September 4, 2008

Lamb’s tail docks are too short

This ram's tail is too short. It should be about 80mm longer

Docking is in full swing and too many farmers are not heeding the MAF Sheep Welfare Code and are docking their lambs’ tails too short. The rule is simple to remember – “the dock should be able to wag”!

Docking is done under considerable time pressure on farms, and when using rubber rings, the fastest method is to push the ring along the tail until the pliers hit the lamb’s body before release. This is too short, as the ring needs to be released to leave a dock that will cover the vulva on a female lamb and the equivalent length on a male. This needs a bit more care and time to get into the routine. The same happens with the hot iron guillotine – the dock can be removed too short.

There are very good animal welfare reasons for these recommendations on length of dock. If the lamb can wag its dock, then the muscles and surrounding tissue that control the anus are not damaged, and the lamb will then be able to project any faeces, especially from spring pasture away from the body and remain much cleaner. Otherwise dung runs down the lamb’s back end, causing dags that attract blowflies and this means more work and expense in prevention and treatment.

This advice is based on research reviews from New Zealand and Australian studies which also showed that using rubber rings caused less total stress than the old method of surgical docking with a knife.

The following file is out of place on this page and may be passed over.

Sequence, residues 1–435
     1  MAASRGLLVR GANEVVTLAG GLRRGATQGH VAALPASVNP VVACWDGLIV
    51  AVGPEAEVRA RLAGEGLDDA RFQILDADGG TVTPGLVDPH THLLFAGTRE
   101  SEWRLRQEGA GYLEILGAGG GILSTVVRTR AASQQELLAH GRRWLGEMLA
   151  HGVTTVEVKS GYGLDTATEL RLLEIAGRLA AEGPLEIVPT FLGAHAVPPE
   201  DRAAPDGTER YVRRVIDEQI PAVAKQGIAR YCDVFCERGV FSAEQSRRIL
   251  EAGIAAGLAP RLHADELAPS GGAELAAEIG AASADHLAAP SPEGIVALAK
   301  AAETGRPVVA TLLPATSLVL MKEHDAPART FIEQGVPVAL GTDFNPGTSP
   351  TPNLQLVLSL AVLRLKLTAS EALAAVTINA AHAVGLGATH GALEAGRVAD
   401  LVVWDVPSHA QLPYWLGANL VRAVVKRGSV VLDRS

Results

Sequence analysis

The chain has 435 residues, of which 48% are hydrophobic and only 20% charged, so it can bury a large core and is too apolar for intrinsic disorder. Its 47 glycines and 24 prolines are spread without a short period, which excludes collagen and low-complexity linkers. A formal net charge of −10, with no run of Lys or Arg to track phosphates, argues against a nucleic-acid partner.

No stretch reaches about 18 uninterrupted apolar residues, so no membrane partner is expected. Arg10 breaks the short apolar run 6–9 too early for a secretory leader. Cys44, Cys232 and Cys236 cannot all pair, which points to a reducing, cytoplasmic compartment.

The tail dock should certainly not be any longer than this recommended length as it causes extra work and cost in dagging, crutching and shearing. Studies have shown that correctly-docked lambs are generally less daggy than those docked too short.

A tail should drop off in about 10 days after docking and it’s important to check that all the wounds are clean and dry so not to attract blowflies. Tails should be allowed to drop off on their own accord and not be cut off below the ring as this again may attract blowflies that can start to be active very early in the year.

The Code of Recommendations for the Welfare of Sheep is available from the Ministry of Agriculture and Forestry, PO Box 2526, Wellington.

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